A gold butterfly can make its own semiconductor skin
A nanoscale gold butterfly provides a more precise route for growing/synthesizing nanosized semiconductors that can be used in nano-lasers and other applications.
Hokkaido University researchers have devised a unique approach for making nanosized semiconductors on a metal surface. The details of the method were reported in the journal Nano Letters and could further research into the fabrication of nanosized light and energy emitters.
The approach, developed by Hokkaido University's Research Institute for Electronic Science and Hokkai-Gakuen University, involves generating localized heat on a gold nanoparticle within a butterfly-shaped nanostructure. The heat causes hydrothermal synthesis in which semiconducting zinc oxide crystallizes on the gold nanoparticle.
Scientists have been investigating ways to carefully place nano-sized semiconductors on metallic particles to utilize them in nano-lasing and nano-lithography, for example. But current methods lack precision or are too costly.
The approach developed by the Japanese team overcomes these issues.
The team first conducted simulations to determine the optimal conditions for precisely controlling the generation of heat in nanostructures. They utilized a phenomenon called surface plasmon resonance, a process which partly converts light to heat in metallic materials.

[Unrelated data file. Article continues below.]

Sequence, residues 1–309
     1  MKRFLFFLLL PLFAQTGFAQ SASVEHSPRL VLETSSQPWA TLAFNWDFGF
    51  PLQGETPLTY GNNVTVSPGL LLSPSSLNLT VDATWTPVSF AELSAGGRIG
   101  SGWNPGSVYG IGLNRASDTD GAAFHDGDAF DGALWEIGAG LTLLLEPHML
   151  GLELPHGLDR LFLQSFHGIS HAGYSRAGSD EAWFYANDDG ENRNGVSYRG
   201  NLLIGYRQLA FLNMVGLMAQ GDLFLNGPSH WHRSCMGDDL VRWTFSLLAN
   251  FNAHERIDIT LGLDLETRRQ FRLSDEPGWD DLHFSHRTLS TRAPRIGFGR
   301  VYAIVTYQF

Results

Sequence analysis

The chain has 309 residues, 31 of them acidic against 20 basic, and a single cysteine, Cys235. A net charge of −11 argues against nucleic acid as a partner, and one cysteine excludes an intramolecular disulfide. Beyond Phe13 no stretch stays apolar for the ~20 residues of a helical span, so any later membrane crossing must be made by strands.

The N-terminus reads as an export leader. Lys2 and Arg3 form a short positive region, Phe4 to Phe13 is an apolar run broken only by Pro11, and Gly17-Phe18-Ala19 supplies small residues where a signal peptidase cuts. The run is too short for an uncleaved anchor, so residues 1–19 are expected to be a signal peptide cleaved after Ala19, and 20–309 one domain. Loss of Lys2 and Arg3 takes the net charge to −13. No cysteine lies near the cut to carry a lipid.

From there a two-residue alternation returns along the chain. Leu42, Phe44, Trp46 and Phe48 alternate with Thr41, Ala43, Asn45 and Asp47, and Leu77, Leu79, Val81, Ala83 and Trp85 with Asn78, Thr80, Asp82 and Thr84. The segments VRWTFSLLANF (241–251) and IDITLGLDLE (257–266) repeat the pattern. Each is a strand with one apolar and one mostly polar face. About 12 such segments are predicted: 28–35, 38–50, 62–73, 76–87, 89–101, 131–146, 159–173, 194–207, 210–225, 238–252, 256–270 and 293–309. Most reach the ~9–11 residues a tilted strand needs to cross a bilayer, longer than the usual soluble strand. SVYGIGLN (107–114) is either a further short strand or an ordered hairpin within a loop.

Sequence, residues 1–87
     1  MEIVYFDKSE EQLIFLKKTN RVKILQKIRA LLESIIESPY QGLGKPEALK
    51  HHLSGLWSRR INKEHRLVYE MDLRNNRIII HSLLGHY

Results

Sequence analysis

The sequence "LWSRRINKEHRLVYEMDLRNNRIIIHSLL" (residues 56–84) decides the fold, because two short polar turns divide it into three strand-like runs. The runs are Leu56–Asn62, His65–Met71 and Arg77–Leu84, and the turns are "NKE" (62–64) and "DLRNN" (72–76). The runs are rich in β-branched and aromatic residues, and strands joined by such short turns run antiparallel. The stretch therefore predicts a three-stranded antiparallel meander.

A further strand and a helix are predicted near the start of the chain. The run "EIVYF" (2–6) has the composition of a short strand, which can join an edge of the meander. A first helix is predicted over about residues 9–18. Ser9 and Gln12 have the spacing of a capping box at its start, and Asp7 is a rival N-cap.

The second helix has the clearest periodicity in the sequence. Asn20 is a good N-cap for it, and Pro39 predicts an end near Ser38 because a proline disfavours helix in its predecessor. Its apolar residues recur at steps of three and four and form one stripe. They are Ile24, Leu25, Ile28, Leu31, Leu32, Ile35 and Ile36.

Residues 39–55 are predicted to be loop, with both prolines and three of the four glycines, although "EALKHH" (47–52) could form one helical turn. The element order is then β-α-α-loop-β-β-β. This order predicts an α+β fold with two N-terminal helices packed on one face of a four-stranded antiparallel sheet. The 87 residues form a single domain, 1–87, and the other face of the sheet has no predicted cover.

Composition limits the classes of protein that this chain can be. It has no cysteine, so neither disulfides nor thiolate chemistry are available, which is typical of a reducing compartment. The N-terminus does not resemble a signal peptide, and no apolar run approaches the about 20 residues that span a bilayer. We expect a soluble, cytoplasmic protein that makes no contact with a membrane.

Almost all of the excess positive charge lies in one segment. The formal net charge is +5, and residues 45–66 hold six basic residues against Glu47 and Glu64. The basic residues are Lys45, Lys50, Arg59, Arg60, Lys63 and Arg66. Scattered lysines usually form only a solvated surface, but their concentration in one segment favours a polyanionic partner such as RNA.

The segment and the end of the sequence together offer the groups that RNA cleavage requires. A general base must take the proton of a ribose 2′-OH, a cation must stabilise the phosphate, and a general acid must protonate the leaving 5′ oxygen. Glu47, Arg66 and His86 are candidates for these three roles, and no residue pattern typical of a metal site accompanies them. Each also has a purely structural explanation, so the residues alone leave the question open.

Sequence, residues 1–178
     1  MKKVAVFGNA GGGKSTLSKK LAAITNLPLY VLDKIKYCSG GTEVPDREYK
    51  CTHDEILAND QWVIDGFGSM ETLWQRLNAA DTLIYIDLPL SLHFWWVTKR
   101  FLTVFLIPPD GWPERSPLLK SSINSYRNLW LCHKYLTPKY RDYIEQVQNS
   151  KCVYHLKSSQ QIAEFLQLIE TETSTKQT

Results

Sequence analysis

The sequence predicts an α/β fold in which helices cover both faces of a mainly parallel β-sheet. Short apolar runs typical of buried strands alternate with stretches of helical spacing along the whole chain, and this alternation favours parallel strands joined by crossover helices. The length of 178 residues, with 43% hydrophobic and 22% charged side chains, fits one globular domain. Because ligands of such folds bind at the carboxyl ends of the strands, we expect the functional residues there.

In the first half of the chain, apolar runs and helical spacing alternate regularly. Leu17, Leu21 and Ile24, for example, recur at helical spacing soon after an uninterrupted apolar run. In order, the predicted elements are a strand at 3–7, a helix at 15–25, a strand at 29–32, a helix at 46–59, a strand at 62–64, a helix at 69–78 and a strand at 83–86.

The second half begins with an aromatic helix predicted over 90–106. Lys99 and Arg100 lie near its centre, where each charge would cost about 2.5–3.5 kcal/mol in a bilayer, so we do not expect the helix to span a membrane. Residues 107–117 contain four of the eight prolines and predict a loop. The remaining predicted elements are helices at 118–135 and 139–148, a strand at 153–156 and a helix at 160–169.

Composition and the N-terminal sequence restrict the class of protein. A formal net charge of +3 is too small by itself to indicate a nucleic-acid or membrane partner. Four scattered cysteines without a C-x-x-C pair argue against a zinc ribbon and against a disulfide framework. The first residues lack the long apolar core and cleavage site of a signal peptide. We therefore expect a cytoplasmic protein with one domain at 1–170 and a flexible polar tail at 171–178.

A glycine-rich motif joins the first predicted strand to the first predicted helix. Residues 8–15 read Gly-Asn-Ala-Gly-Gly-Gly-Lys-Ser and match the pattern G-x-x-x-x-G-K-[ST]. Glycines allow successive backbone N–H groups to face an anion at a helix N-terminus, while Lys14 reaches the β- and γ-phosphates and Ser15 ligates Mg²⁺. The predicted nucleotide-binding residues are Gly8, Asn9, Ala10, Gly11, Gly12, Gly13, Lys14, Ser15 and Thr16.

According to the simulations, a butterfly-shaped nanostructure consisting of two rhombus gold particles placed on either side of a gold nanorod would lead to optimal conditions. In this system, the nanorod, or the body of the butterfly, works as a nanoheater using a specific polarized light. After rotating the light polarization 90 degrees, the rhombus particles, or the wings of the butterfly, should work as an antenna to gather light at subwavelength spots in the butterfly's semiconductor skin.
To test this theory, they fabricated the gold butterfly and placed it in water inside a glass chamber. A solution made from equal parts zinc nitrate hexahydrate and hexamethylene tetramine was added to the chamber, which was then sealed and placed on a microscopic stage. When the laser light was shone on the system inside the chamber, the nanorod heated up and semiconducting zinc oxide particles crystallized along its surface as they expected.
This demonstrated that the butterfly-shaped gold nano-antenna can precisely control where plasmon-assisted hydrothermal synthesis occurs, therefore enabling the localized formation of nanosized semiconductors.
"Further research is expected to lead to the development of powerful nano-sized light sources, highly efficient photoelectric conversion devices, and photocatalysts," says Hokkaido University's Keiji Sasaki of the research team. "It could also lead to applications in semiconductor electronics and optical quantum information processing."